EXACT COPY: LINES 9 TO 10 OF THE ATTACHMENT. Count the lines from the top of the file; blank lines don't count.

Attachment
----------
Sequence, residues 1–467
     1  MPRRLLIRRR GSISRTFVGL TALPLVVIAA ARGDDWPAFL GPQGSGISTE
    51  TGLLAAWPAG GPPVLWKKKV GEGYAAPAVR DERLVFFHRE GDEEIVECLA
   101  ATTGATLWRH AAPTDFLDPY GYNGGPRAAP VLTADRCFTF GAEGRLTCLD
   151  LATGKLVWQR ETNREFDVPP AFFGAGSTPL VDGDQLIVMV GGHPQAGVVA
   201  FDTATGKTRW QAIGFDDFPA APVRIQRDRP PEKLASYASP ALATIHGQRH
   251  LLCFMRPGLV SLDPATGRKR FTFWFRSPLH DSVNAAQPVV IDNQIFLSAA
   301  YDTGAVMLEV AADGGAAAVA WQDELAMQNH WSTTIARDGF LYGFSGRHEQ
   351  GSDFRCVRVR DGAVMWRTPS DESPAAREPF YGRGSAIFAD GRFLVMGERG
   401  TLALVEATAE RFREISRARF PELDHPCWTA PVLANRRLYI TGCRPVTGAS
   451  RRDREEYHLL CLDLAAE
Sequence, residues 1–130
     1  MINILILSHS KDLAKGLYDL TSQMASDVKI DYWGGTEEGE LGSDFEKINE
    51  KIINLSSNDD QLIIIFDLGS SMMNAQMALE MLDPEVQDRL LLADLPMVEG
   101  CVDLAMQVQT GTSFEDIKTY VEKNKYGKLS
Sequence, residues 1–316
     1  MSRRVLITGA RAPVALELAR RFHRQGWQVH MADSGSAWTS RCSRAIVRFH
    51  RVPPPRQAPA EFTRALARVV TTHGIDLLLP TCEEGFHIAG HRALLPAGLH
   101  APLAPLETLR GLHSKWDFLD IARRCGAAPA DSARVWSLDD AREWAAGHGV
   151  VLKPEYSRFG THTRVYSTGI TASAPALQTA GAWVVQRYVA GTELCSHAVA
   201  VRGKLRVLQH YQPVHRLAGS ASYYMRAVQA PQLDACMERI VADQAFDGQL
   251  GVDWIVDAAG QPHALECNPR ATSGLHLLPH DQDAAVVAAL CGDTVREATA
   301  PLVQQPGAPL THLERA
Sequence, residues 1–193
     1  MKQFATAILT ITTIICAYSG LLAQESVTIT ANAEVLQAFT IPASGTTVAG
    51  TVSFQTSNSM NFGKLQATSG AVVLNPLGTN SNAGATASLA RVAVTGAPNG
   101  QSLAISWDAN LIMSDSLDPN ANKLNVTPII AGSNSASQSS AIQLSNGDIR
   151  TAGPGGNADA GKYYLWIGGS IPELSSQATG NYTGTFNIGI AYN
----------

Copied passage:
   351  GSDFRCVRVR DGAVMWRTPS DESPAAREPF YGRGSAIFAD GRFLVMGERG
   401  TLALVEATAE RFREISRARF PELDHPCWTA PVLANRRLYI TGCRPVTGAS